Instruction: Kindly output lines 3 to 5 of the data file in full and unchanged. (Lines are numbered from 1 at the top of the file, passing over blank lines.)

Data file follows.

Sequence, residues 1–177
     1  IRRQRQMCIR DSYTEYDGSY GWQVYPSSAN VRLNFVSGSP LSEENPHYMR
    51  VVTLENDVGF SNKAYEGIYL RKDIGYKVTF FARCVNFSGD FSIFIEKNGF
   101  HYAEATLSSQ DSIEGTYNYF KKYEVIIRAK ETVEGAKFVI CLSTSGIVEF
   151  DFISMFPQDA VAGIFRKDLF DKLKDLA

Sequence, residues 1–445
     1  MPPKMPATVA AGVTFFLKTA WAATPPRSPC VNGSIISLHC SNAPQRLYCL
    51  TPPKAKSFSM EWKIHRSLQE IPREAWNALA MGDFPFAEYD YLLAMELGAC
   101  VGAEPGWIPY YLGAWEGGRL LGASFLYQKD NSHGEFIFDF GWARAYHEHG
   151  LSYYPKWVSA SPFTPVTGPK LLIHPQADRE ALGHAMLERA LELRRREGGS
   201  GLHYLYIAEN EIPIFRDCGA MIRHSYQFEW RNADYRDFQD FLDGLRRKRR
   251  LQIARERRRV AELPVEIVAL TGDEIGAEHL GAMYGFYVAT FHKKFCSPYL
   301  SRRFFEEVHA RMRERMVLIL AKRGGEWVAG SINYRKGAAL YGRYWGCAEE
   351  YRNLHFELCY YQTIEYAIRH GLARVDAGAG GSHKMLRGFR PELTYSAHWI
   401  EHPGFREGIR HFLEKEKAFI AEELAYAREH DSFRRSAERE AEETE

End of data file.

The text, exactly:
    51  VVTLENDVGF SNKAYEGIYL RKDIGYKVTF FARCVNFSGD FSIFIEKNGF
   101  HYAEATLSSQ DSIEGTYNYF KKYEVIIRAK ETVEGAKFVI CLSTSGIVEF
   151  DFISMFPQDA VAGIFRKDLF DKLKDLA